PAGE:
The field of ABA sometimes uses terminology that doesn’t necessarily fit with common language used by parents and professionals that aren’t so familiar with ABA. The concept of “punishment” is one example of when this sometimes becomes problematic. If an ABA professional is discussing punishment from an ABA perspective but has not clearly defined what they mean by punishment, the listener (parent, other professional, or whomever is the conversational partner) may get confused, get defensive, or just not buy into the message that the ABA professional is offering. Because language is complex and people make meaning out of language based upon their own knowledge and learning history, it is important to clarify what we mean when we, as ABA professionals, use various terms.
Punishment is a controversial topic. The best interest of the client should certainly be considered when providing ABA services. It is also important to consider providing the least restrictive interventions possible. However, punishment, as defined in the ABA literature, is an area that deserves some consideration. Many professionals support the use of reinforcement, especially positive reinforcement, as the go-to strategy for increasing and improving behaviors. However, punishment may come up, particularly in the context of ABA parent training.1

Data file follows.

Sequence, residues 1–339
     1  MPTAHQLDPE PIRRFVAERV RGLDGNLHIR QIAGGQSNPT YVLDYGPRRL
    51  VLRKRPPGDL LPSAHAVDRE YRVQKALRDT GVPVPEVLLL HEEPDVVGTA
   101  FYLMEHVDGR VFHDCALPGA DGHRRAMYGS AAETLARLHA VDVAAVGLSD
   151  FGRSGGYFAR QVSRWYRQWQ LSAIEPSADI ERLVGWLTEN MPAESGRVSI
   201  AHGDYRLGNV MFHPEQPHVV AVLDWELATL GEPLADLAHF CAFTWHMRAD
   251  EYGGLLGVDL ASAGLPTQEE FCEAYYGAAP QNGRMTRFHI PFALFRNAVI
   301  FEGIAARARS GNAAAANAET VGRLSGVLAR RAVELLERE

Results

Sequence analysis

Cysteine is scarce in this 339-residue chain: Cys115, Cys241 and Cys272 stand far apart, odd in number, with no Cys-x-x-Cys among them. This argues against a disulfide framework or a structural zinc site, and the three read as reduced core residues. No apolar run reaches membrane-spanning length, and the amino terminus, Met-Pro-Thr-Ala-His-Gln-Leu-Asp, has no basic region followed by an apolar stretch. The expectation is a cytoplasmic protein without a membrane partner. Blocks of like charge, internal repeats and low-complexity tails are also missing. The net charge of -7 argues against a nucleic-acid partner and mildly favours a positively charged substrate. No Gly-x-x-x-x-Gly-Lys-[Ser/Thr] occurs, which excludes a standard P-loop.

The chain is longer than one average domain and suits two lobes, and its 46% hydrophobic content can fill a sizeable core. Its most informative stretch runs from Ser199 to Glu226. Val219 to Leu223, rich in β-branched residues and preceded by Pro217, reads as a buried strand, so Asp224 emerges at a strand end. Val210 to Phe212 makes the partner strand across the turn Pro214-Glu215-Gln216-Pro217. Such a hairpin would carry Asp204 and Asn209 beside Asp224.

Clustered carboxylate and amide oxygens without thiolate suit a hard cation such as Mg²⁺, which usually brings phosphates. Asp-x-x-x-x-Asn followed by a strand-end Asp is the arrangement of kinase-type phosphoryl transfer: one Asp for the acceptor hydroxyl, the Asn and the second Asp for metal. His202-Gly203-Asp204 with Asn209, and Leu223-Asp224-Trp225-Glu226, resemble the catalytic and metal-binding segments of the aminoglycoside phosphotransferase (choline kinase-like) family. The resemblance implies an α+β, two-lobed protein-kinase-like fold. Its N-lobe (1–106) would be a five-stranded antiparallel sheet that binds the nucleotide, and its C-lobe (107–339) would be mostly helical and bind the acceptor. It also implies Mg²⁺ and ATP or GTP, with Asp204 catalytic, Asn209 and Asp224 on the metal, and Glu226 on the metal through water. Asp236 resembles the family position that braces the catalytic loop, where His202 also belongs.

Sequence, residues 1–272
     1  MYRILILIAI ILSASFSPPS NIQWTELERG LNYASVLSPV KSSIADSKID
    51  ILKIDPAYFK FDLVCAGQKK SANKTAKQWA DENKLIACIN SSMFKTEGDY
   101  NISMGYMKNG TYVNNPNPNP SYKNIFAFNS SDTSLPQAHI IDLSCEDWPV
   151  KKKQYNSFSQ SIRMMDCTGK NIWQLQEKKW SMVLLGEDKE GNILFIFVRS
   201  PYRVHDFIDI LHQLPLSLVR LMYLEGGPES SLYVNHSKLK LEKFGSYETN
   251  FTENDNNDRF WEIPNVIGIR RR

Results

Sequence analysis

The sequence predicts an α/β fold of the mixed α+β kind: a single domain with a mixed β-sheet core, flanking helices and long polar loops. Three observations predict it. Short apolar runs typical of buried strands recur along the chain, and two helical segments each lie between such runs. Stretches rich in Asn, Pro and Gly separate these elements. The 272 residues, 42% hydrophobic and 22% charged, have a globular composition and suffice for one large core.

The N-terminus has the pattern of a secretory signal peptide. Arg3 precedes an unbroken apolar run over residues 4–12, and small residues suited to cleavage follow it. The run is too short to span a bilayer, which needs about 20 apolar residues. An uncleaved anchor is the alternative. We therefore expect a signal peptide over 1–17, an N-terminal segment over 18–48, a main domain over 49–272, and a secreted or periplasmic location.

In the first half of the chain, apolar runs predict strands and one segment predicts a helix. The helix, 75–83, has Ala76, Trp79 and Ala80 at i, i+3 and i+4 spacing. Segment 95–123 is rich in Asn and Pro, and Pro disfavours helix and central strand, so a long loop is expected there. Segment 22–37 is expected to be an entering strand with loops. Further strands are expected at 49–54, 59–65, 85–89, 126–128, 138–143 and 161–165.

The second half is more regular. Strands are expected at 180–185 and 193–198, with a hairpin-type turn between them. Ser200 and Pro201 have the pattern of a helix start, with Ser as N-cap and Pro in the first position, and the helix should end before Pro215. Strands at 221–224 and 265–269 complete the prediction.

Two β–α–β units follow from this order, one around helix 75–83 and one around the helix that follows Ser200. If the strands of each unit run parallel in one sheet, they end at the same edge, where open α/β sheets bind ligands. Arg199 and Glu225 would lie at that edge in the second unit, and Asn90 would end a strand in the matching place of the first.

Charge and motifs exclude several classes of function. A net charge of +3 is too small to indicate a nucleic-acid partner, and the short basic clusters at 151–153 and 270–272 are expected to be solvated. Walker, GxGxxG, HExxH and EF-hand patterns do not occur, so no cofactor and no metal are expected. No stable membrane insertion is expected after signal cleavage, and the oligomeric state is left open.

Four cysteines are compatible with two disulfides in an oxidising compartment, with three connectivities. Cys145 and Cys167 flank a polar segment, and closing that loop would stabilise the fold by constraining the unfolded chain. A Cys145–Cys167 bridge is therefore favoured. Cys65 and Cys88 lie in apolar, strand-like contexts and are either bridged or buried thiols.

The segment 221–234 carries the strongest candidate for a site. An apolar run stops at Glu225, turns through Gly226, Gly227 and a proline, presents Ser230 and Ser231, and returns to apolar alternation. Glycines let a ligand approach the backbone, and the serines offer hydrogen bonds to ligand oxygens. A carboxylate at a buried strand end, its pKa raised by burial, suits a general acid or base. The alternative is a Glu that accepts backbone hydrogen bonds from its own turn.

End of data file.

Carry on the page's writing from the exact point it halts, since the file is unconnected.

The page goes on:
As mentioned in the article, “Considering the Application of ABA Concepts in ABA Parent Training,” it is important to define the concepts that are used and discussed in ABA services as well as in recommendations to parents and caregivers.
In ABA, punishment is defined as “a reduction in behavior due to a consequence made contingent on the performance of that behavior.”2 As with reinforcement, punishment can be divided into positive and negative forms of the concept.
Positive punishment is when a consequence is added after the occurrence of a behavior leading to a decrease in the behavior. Examples of positive punishment include loud noises, getting yelled at or scolded by a parent, etc.
Negative punishment is when a consequence is taken away after the occurrence of a behavior leading to a decrease in the behavior. Examples of negative punishment include taking away food, taking away money, or being removed from a social situation.
Examples of punishment strategies used in the field of ABA include overcorrection, time-out, response cost, visual screening, etc.3 These are various forms of positive punishment and negative punishment found in the ABA literature that are used to decrease behaviors that are considered maladaptive or problematic.
Parents often use punishment strategies in their parenting style. However, in the context of ABA parent training, it is important to explain what punishment means as well as how it applies to the identified client. It is also important to look at the literature and consider ethical and other guidelines in regard to recommendations about punishment.
1DiGennaro Reed, F.D., & Lovett, B. J. (2008). Views on the Efficacy and Ethics of Punishment: Results from a National Survey. International Journal of Behavioral Consultation and Therapy, 4(1). Retrieved from: https://files.eric.ed.gov/fulltext/EJ861336.pdf.
2Azrin, N. H., & Holz, W. C. (1966). Punishment. In W. K. Honig (Ed.), Operant behavior: Areas of research and application. New York: Appleton-Century-Crofts.
3Axelrod, S., & Apsche, J. (Eds.), (1983). The effects of punishment on human behavior. New York: Academic Press.